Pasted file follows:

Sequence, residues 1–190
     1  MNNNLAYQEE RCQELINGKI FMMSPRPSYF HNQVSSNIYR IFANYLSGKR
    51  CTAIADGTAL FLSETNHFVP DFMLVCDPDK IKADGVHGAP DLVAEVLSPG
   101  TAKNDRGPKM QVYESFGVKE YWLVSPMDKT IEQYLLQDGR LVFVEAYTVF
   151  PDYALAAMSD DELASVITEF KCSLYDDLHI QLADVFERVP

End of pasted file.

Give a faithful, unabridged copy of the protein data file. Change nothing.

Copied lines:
Sequence, residues 1–190
     1  MNNNLAYQEE RCQELINGKI FMMSPRPSYF HNQVSSNIYR IFANYLSGKR
    51  CTAIADGTAL FLSETNHFVP DFMLVCDPDK IKADGVHGAP DLVAEVLSPG
   101  TAKNDRGPKM QVYESFGVKE YWLVSPMDKT IEQYLLQDGR LVFVEAYTVF
   151  PDYALAAMSD DELASVITEF KCSLYDDLHI QLADVFERVP